Why Has the Share of Training Firms Declined in Switzerland?
Journal for Labour Market Research, 2007
19 Pages Posted: 25 Jan 2016
Date Written: 2007
The Swiss mass apprenticeship system is market based. The share of training firms as a percentage of all firms is therefore an indicator which receives much public attention. The share of training firms declined markedly from 1985 to 2001, dropping from 24.7 to 17.6%. This has often been interpreted as a sign of firms’ decreasing willingness to train apprentices. We use data from the firm census to assess whether the decline in the share of training firms can instead be explained by a range of independent variables. Besides firm characteristics and regional variables, we include supply-side factors such as demographic developments in the relevant age cohorts, which have been ignored in the empirical literature so far. Using pooled probit models, fixed-effects models and a Blinder-Oaxaca type decomposition, we are able to explain the variation in the share of training firms over time to a large extent. The main reasons for the decrease are increasing numbers of very small firms, shifts in industry composition, a reduction in the number of young people and an increasing share of young people going to grammar school. We discuss these developments in turn and conclude that they do not, in our opinion, provide sufficient reasons for state interventions in the apprenticeship market.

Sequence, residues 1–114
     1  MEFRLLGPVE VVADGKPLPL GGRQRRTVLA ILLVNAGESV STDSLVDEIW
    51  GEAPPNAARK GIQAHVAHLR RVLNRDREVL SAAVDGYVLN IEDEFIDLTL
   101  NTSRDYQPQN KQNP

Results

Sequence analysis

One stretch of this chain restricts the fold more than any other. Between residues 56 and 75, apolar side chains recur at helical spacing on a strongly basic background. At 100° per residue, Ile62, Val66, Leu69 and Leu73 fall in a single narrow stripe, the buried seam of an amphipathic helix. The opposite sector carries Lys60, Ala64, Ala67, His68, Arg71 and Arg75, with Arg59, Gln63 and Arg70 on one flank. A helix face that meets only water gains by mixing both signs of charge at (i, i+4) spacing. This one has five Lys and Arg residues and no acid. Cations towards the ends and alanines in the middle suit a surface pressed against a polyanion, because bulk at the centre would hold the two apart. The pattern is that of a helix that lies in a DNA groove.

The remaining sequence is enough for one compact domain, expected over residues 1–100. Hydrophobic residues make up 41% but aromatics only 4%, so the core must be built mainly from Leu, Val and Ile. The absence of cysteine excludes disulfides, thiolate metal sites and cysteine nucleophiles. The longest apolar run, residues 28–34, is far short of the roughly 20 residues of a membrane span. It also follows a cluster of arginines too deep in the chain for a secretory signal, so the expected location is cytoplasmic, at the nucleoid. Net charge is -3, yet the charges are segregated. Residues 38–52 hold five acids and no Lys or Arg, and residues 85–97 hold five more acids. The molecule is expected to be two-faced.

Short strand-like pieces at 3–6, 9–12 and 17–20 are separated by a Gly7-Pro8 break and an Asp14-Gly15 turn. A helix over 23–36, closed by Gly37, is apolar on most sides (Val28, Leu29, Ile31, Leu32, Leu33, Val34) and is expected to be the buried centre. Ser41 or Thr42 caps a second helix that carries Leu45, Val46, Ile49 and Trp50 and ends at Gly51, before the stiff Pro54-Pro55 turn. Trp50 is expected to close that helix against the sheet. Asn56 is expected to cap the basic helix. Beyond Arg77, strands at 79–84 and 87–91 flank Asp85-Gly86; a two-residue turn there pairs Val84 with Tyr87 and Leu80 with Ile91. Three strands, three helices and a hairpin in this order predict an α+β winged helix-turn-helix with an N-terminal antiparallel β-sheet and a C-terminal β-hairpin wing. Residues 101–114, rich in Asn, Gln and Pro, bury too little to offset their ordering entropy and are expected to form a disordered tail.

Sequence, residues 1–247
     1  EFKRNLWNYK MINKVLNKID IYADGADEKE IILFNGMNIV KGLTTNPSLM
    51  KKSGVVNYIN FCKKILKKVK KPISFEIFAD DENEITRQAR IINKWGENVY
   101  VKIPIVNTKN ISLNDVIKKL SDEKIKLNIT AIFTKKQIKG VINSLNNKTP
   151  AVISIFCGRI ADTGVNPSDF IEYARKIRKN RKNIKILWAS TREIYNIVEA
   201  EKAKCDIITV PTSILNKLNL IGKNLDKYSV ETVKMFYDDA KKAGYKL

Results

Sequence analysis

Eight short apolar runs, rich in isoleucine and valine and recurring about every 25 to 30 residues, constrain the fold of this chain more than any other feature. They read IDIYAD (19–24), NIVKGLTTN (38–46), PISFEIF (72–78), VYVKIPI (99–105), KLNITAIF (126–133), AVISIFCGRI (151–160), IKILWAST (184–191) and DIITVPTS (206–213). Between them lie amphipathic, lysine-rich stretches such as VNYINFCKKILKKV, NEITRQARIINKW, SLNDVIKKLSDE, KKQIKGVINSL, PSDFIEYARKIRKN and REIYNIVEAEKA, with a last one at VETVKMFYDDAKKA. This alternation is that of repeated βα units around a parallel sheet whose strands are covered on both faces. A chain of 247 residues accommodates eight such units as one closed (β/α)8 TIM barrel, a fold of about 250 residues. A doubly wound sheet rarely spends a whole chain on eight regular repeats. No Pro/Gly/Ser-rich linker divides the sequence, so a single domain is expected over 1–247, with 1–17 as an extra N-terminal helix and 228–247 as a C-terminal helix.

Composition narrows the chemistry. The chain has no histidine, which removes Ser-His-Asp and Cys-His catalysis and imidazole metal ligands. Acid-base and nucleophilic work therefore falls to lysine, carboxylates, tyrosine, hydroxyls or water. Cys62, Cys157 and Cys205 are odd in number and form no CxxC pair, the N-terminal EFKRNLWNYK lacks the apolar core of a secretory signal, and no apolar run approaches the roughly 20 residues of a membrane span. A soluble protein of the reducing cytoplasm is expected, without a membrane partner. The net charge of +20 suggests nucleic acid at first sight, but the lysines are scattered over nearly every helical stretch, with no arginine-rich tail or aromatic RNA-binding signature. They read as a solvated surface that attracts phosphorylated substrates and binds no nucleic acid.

Keywords: Firm-based training, human capital, apprenticeship, Switzerland
JEL Classification: J23, J24
Suggested Citation: Suggested Citation